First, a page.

After planting, cover bulb plantings with plenty of soil and water. When the weather turns to cooler temperatures, you can cover plantings with 2-3 inches of mulch, compost or shredded bark or leaves. Mulch will help the soil from drying out and provide stable temperatures through the winter.

Planting Tips

Keep in mind squirrels, voles and mice love bulbs, especially tulips and crocuses. After planting make sure the soil is firm, leave no bulb planting debris around and scatter leaves over area to discourage squirrels from digging. If mice and voles are an issue, planting vole and mice resistant bulbs should be a consideration. Voles and mice tend to stay away from daffodil, camassia, chinodoxa, muscari, fritillaria and snowdrops. Placing cages or crushed oyster shells in the hole at planting time can help with saving the bulbs mice and voles love to eat.

Bulb planting tools can be helpful such as a bulb planter, but a spade or hand shovel work well too. Deciding upon how bulbs should look in the spring, plan your space. Bulbs that have been planted in clumps or drifts give a natural presentation-you can toss bulbs in areas and dig holes where the bulbs land. It is a good idea to mark the areas where you plant your bulbs so you don't forget about them and plant something in the same spot.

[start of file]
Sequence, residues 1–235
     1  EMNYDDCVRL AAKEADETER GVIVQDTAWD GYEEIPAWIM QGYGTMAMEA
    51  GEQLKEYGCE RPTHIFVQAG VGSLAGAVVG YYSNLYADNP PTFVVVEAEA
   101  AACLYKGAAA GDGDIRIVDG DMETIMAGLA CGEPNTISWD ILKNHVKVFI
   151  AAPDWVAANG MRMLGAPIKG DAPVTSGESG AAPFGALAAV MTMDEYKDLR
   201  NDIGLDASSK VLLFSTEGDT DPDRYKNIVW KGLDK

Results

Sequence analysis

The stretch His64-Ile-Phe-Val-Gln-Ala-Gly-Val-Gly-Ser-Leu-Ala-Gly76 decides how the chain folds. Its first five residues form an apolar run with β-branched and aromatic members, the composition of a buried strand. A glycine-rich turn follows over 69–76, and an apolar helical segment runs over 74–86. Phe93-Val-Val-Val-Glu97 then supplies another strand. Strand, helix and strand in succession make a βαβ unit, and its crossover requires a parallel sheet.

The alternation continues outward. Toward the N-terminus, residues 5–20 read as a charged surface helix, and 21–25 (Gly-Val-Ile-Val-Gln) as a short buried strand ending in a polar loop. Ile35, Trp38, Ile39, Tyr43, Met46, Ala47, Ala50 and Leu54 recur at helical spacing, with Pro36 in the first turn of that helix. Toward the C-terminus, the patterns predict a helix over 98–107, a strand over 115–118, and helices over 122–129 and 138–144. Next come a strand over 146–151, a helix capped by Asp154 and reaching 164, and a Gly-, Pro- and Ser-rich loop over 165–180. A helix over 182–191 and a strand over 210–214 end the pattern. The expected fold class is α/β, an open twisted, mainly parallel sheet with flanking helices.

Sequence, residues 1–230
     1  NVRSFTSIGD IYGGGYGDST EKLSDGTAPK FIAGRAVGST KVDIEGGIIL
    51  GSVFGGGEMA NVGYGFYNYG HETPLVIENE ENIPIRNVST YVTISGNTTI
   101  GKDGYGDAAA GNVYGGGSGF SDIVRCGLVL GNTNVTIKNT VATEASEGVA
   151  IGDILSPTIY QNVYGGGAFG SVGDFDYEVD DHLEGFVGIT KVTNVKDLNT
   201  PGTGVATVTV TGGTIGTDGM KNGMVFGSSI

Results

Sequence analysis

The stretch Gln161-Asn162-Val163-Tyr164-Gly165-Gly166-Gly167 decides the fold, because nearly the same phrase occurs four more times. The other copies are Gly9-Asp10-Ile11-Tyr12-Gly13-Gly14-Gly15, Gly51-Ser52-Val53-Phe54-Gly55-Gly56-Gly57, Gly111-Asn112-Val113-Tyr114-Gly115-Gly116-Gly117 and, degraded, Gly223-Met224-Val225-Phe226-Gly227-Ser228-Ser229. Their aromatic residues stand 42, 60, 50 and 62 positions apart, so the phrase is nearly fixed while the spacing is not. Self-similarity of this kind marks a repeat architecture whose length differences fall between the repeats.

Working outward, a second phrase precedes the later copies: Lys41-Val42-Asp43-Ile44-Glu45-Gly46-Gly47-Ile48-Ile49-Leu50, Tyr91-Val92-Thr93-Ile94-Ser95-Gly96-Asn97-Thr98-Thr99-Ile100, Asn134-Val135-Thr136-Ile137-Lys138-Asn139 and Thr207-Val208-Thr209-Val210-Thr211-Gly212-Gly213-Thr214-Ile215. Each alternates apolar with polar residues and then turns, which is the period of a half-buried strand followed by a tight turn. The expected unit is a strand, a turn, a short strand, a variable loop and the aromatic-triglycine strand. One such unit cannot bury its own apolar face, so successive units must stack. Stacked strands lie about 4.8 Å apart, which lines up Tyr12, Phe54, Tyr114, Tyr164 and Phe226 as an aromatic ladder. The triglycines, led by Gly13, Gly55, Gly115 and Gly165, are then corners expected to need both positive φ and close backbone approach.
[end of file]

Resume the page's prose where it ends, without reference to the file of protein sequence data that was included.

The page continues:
When planning your garden for bulbs to bloom in the spring keep in mind bulbs can bloom at different times. Combining flowering bulbs with perennial flowers can create continuous blooms throughout your garden. Consider the height of plants and the combination of colors for an overall effect. Planting lots of bulbs together will give more color to an area than spreading the bulbs around. Layering different bulbs can offer continuous blooms too. A bulb that blooms later such as tulip can be planted at the bottom of a hole covered and a smaller earlier flowering bulb can be planted on top such as scilla.

When buying bulbs consult garden stores and read labels. Bulbs come from many places in the world and require a certain amount of understanding to achieve beautiful results in your garden.

Last Updated: October 7, 2011
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About Sabina Dana Plasse Sabina Dana Plasse holds a bachelor's degree in history from Bucknell University, a master's in liberal arts from Johns Hopkins University and a master's in film and video from American University. She is an award-winning writer and editor living in Sun Valley, Idaho. Besides writing on fine arts, lifestyle, home and garden, entertainment, philanthropy and business, she enjoys teaching film and writing screenplays. Sabina has served as the arts and events editor and living writer for the Idaho Mountain Express newspaper, a twice weekly national award-winning newspaper serving Idaho's Wood River Valley. Sabina adores mountain town living where she is an active snowboarding, skier, mountain biker, hiker, supporter of the arts and an avid seeker of practical living ideas.